how to move

Starting your next chapter in a new place is exciting—once you survive the move. This step-by-step guide to moving can make things easier.


There's a lot to do. These moving tips will keep you on schedule.

If it’s finally time to start planning for your big move, you’re likely equal parts excited and unsure where to start. Moving everything you own from one place to your new home in one day is a task that takes planning and some serious strategizing. This moving checklist will help guide you through the job with ease. And by the way—congratulations on your new home!

A smart moving checklist

  • Weeks ahead of Moving Day

    • Set your moving budget. After your down payment and closing costs, make sure you have room in your budget for your first mortgage payment and any immediate repair needs, and then determine how much you have left over for your move. Depending on your closing date, you might have a month before your first mortgage payment is due, so you could plan your moving budget around the funds freed up from not having a housing payment that month.
    • Determine your move day. The day you close on a home is mostly filled up with paperwork, so decide which day after that one is best for your move. Consider that movers can be busier (and more expensive) on weekends and over holiday breaks. You can now assign dates to all tasks on your moving checklist based on your big day.
    • Price out professional movers or rental trucks. If you decide to hire movers or need to rent a truck to do the move on your own, check out your options carefully. Check out online reviews and ask friends and family for recommendations. Call multiple movers and truck rental places for quotes.
    • Schedule movers or rental trucks. If you find a mover or rental truck that fits your budget, schedule it as soon as possible. Closely review your contract before signing, and keep a copy handy for your moving day.
    • Declutter, sell and donate. You don’t want to haul a single extra box to your new house. Go through every room and do a purge. Selling items can help pay for your moving expenses, and the rest can be donated.
    • Create a packing schedule and labeling system. Before anything goes into a box, make a plan for how it’s all going to happen. Maybe you’ll pack up a room a week, or maybe you’ll start with storage items and work toward things you use daily. Write down your plan and assign deadlines so you don’t get behind. And create a system as you go for remembering what’s in each box. It could be as easy as writing on boxes with a marker or using different colored tape to label them. Research moving tips for ideas on how to pack efficiently, too.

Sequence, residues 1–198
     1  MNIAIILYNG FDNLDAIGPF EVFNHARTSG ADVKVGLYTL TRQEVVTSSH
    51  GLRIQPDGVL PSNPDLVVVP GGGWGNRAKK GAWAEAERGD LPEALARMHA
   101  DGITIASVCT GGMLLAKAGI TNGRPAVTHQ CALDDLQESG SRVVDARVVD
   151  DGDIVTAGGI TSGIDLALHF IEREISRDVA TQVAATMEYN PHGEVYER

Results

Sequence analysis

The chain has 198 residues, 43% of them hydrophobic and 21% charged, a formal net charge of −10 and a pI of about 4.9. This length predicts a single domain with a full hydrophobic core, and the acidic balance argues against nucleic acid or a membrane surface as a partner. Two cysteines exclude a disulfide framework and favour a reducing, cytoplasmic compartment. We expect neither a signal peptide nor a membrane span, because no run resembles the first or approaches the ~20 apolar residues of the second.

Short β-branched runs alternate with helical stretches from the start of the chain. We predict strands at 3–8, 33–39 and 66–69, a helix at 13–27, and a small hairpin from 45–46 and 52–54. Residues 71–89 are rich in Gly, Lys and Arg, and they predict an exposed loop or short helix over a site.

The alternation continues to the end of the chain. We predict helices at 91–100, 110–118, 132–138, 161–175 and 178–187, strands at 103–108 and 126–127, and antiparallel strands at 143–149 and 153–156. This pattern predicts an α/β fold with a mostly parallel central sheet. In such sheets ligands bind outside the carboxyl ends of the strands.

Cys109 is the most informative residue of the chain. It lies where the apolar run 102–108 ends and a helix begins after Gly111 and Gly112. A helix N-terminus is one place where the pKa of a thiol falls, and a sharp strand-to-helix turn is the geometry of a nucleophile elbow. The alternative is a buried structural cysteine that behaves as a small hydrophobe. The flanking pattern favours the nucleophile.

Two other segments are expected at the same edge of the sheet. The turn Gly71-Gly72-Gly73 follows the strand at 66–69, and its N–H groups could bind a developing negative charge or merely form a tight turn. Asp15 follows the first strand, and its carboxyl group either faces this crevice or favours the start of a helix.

• Start collecting boxes. There’s no need to buy boxes. Ask friends for spare boxes, and visit grocery stores early in the morning to ask if they have any to get rid of. They’ll love giving them to you instead of having to break them down themselves.
    • Arrange care for pets or kid. Plan for childcare or pet care on Moving Day. The whole thing will go much more quickly without them, and watching a big move can be stressful on little ones with four legs or two.
    • Forward your mail. Put in a request at the Post Office (or the U.S. Postal Service’s website) to start forwarding your mail the day you move.
    • Transfer utilities. Call your power companies and any internet or cable providers and let them know your last day at one address and your first day at the next—you don’t want to end up moving in the dark.
    • Start packing. The sooner you start putting things in boxes, the less stressful the whole thing will be. You’ll probably be surprised by how much stuff there is!
  • Days ahead of Moving Day

    • Make a closing-up plan. Will you need to return keys to your landlord? Will you need to schedule cleaners to prepare your old home to sell? Whatever you need to do to get your home closed up, plan it out before you get focused entirely on your new home.
    • Designate a crew leader for the old and new home. Whether you’re hiring movers or inviting friends and family to help with your move, there will be activity in two locations—and you can only be in one place at a time. Designate a crew leader for wherever you’re not, so no time is wasted trying to hunt you down to answer a question.
    • Drive the route (if local). Construction and other things can pop up overnight and slow down your move. Drive the route between the homes a few times to identify any obstacles a big truck may have, and make a plan to deal with them. Also, plan out your parking for Moving Day.